– Wofford is one of the nation’s “Best Value” colleges and universities, according to The Princeton Review. The Massachusetts-based education services company profiles Wofford in its just-published book, “The Best Value Colleges: 2012 Edition” (Random House / Princeton Review, Feb. 7, 2012).
Princeton Best Value Book Cover
Princeton Best Value Seal
The profile also is available on a special area of the publication’s website at www.princetonreview.com/best-value-colleges.aspx
“The Best Value Colleges: 2012 Edition,” subtitled “The 150 Best Buy Colleges and What It Takes to Get In,” features profiles of 75 public and 75 private colleges with detailed information about their campus culture, facilities and financial aid offerings. Of the 75 schools in each group, the top 10 colleges are ranked 1 to 10, and the remaining 65 are listed in alphabetical order.
Wofford is the only South Carolina institution included on the private colleges list.
“It’s great to be recognized for the value Wofford provides,” says Brand Stille, vice president for enrollment
at Wofford. “Value, cost and return on investment continue to be important factors in selecting a college. At Wofford we are committed to providing first rate programs and experiences that prepare our students for lives of success and service.”
Wofford consistently lands on “best value” lists of national publications. In the fall of 2011, Kiplinger’s Personal Finance
ranked the college 39th in the nation and first in South Carolina in its 2011-2012 “best value” ratings of 100 top private liberal arts colleges, those that “provide high-quality academics as well as affordable cost even in these tough times.” Also in 2011, Forbes magazine
ranked Wofford 73rd on a list of 250 of “America’s Best Colleges” of all sizes and missions, and U.S. News & World Report
featured the college on its 2011 list of 40 “Great Schools, Great Prices” among national liberal arts colleges.
In its profile of Wofford, the editors of The Princeton Review note the college offers “beauty, brains and brawn. Its stunning campus, which is designated as an arboretum, serves as an idyllic backdrop to an academic powerhouse with standout programs in biology, pre-med, and pre-law.” The profile also notes that Wofford “strongly encourages its students to study abroad and offers support such as funding to pay for students to travel and advice on how to design a program that works with their areas of study.”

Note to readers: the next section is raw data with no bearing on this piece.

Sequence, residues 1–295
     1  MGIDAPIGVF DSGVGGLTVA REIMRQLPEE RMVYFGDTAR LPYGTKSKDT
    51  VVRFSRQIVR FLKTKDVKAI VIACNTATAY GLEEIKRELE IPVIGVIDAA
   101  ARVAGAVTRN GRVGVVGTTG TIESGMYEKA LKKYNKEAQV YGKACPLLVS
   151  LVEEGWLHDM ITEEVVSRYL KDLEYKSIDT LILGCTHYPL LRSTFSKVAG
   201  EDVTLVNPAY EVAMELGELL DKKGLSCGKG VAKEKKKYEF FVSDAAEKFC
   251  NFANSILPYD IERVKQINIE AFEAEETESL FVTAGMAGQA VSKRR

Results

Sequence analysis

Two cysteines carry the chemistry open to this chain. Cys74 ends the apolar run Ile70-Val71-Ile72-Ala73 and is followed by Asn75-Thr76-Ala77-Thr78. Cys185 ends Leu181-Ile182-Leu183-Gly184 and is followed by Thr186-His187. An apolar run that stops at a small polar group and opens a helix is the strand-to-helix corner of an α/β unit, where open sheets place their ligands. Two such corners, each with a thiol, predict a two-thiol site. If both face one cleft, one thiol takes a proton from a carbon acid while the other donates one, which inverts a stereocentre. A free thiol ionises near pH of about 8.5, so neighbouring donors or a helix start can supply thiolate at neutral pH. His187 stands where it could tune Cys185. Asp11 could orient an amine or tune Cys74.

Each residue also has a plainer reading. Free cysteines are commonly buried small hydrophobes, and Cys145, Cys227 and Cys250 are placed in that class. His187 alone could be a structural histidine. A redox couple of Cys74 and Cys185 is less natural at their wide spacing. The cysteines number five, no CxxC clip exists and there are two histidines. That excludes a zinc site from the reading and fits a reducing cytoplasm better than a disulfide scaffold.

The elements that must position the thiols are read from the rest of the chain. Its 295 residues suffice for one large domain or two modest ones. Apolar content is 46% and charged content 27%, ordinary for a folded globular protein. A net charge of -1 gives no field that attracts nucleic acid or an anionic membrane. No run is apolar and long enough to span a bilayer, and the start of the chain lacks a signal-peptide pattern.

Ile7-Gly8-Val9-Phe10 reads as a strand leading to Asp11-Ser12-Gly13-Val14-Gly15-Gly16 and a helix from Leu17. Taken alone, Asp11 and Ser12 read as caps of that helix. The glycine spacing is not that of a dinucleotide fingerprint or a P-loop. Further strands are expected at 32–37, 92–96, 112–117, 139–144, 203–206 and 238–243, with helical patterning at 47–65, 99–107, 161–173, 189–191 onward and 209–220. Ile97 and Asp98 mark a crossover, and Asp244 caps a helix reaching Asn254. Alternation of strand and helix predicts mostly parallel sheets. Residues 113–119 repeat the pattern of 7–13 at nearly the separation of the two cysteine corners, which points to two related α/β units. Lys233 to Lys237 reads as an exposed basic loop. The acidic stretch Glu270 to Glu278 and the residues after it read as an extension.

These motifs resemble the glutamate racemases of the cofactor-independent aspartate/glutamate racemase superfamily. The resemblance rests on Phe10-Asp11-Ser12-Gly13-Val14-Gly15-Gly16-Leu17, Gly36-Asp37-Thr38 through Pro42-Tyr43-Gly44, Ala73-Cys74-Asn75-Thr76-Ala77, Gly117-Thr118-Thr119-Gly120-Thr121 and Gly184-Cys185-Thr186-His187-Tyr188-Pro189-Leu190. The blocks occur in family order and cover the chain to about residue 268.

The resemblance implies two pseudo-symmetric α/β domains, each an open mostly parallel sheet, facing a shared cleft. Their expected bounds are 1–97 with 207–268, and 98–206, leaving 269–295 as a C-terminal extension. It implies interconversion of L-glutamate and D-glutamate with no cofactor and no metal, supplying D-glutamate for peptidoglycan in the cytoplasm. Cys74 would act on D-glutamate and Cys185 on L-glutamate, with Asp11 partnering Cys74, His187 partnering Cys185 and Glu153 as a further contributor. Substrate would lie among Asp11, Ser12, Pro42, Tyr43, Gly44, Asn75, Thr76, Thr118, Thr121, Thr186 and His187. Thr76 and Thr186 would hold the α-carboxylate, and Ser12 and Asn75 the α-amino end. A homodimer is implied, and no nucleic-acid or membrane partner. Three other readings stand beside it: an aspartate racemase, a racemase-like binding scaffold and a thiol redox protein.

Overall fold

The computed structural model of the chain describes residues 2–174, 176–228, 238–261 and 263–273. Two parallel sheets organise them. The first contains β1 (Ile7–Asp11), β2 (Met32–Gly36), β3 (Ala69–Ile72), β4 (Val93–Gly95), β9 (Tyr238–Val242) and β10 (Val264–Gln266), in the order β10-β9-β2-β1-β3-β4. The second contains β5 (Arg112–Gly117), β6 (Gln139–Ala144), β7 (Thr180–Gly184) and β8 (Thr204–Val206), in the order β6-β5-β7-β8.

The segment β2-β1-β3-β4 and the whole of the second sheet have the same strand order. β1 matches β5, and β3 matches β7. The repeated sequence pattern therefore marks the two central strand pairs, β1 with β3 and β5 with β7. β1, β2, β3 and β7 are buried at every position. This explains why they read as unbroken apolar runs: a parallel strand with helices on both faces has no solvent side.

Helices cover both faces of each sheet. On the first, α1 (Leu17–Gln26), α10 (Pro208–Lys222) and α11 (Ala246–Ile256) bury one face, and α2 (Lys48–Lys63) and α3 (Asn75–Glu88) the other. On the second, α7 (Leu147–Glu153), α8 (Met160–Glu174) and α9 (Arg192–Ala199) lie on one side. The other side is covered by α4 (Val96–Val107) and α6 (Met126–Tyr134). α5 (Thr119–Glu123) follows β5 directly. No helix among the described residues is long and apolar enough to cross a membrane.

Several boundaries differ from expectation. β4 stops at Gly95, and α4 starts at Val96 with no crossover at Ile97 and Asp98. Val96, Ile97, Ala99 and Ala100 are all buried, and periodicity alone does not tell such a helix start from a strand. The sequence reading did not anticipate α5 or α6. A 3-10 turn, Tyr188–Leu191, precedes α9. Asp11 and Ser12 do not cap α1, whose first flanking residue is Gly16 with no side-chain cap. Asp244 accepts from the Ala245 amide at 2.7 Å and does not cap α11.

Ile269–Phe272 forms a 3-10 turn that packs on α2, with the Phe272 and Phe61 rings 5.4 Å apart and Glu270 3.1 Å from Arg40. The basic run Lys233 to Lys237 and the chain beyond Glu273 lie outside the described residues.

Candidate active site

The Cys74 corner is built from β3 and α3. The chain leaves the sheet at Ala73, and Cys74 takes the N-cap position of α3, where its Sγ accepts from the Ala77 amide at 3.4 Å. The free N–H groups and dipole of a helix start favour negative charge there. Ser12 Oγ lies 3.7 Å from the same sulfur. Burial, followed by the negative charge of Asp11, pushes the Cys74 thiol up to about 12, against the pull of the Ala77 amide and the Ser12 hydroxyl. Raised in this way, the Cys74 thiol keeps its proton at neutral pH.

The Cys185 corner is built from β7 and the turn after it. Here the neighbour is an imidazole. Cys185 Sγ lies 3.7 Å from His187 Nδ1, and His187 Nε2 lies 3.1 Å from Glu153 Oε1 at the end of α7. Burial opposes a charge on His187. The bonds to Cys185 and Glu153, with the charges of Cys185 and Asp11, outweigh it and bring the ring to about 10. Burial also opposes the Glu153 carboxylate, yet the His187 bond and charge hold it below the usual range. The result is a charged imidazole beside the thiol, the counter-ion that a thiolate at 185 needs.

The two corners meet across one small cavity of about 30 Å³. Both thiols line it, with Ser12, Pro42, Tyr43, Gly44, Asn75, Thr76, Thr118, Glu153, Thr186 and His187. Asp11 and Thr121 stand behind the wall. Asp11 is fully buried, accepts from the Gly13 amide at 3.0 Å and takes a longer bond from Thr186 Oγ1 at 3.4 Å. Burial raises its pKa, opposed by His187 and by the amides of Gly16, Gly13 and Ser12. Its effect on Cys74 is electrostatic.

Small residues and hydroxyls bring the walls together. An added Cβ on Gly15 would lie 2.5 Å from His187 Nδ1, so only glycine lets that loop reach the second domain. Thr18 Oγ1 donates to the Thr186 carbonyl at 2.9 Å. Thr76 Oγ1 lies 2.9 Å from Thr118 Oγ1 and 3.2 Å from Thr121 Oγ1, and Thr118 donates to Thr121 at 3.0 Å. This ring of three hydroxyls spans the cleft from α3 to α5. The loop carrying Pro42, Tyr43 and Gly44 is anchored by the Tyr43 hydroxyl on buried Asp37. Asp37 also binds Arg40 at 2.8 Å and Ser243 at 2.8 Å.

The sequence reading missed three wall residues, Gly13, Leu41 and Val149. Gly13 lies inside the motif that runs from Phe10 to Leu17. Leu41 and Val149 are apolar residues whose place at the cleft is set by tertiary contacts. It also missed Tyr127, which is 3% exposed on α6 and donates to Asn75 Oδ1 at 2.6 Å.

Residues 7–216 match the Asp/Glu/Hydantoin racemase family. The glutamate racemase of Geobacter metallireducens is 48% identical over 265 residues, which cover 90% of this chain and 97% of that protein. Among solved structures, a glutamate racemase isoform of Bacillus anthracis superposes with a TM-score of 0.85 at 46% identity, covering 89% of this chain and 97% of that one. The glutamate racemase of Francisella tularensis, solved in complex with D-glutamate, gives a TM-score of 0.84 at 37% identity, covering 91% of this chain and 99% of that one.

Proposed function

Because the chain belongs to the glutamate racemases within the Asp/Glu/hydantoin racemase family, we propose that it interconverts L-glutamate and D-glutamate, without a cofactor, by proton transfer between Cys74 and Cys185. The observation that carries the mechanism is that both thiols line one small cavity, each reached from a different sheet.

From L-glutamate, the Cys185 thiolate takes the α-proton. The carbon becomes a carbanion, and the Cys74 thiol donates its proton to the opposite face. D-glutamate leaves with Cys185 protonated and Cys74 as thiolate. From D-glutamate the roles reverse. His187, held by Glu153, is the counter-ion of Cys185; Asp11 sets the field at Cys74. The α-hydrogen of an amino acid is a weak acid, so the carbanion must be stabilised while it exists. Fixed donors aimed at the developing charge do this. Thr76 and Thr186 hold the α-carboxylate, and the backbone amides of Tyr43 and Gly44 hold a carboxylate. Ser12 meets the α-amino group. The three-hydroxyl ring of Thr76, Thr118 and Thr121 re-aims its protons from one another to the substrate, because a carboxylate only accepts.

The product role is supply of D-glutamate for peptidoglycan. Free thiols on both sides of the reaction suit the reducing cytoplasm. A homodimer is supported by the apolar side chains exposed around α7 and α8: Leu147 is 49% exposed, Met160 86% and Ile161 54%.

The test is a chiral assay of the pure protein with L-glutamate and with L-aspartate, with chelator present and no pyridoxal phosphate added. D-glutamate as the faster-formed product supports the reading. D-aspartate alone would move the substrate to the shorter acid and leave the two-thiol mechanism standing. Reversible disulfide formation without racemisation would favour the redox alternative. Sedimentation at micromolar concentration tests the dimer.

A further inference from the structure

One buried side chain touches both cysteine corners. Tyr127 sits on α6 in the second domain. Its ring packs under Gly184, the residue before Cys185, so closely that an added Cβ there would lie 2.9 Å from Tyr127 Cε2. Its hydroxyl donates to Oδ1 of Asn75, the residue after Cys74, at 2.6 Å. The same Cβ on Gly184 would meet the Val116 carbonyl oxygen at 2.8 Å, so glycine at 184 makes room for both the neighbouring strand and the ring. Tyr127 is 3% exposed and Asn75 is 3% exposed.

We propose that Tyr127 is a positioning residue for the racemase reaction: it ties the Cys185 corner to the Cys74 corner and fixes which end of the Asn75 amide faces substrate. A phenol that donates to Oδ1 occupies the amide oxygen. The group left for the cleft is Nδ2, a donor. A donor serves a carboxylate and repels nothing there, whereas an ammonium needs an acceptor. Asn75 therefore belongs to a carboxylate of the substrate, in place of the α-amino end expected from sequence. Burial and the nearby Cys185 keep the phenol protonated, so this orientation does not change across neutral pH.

The book quotes Wofford students surveyed, who say the college “is about relationships: relationships between you and other students, between the professors and their students, even the faculty and staff and the students; everyone knows each other and is willing to help each other all the time.”
“We work and play as a community,” another student says, “and we, with pleasure and humility, devote all of our energies to the pursuit of knowledge.”
Robert Franek, Princeton Review’s senior vice president and publisher, and lead author of “The Best Value Colleges: 2012 Edition,” says, “We commend Wofford and all of the extraordinary colleges on our 2012 ‘Best Value Colleges’ list for all they are doing to keep costs down and/or offer generous aid to applicants with financial need – all while maintaining excellent academic programs.”
The “Best Value Colleges” list and information about the schools also are posted on a dedicated area of USA TODAY.com, which has been The Princeton Review’s online publishing partner for this project since 2009. USA TODAY’s site (http://bestvaluecolleges.usatoday.com) features an exclusive database that allows users to view in-depth details about the schools by clicking on an interactive map. Users can explore criteria including cost of attendance and financial aid data, enrollment size, location and The Princeton Review’s analysis of why it chose each school as a “Best Value.”
The Princeton Review selected its “Best Value Colleges” schools based on institutional data and student opinion surveys collected from 650 colleges and universities the company regards as the nation’s academically best undergraduate institutions. The selection process analyzed more than 30 data points broadly covering academics, cost, and financial aid. Cost and financial aid data came from the company’s fall 2011 surveys of school administrators. Data on academics came from its fall 2010 through fall 2011 surveys of school administrators. Data from students attending the schools over these years included their assessments of their professors and their satisfaction with their financial aid awards.
The company is also known for its annual college rankings in 62 categories (http://www.princetonreview.com/college-rankings.aspx) it reports in its book “The Best 376 Colleges” which is published in August, and its annual business and law school rankings in 11 categories (http://www.princetonreview.com/business-school-rankings.aspx) it reports in its graduate school guidebooks in October.
The Princeton Review debuted its “Best Value Colleges” list in 2004. It previously published an annual book titled “America’s Best Value Colleges” from 2004 to 2007.
The Princeton Review (www.PrincetonReview.com
) is not affiliated with Princeton University. Media contacts for The Princeton Review:
888-865-7737, ext. 5678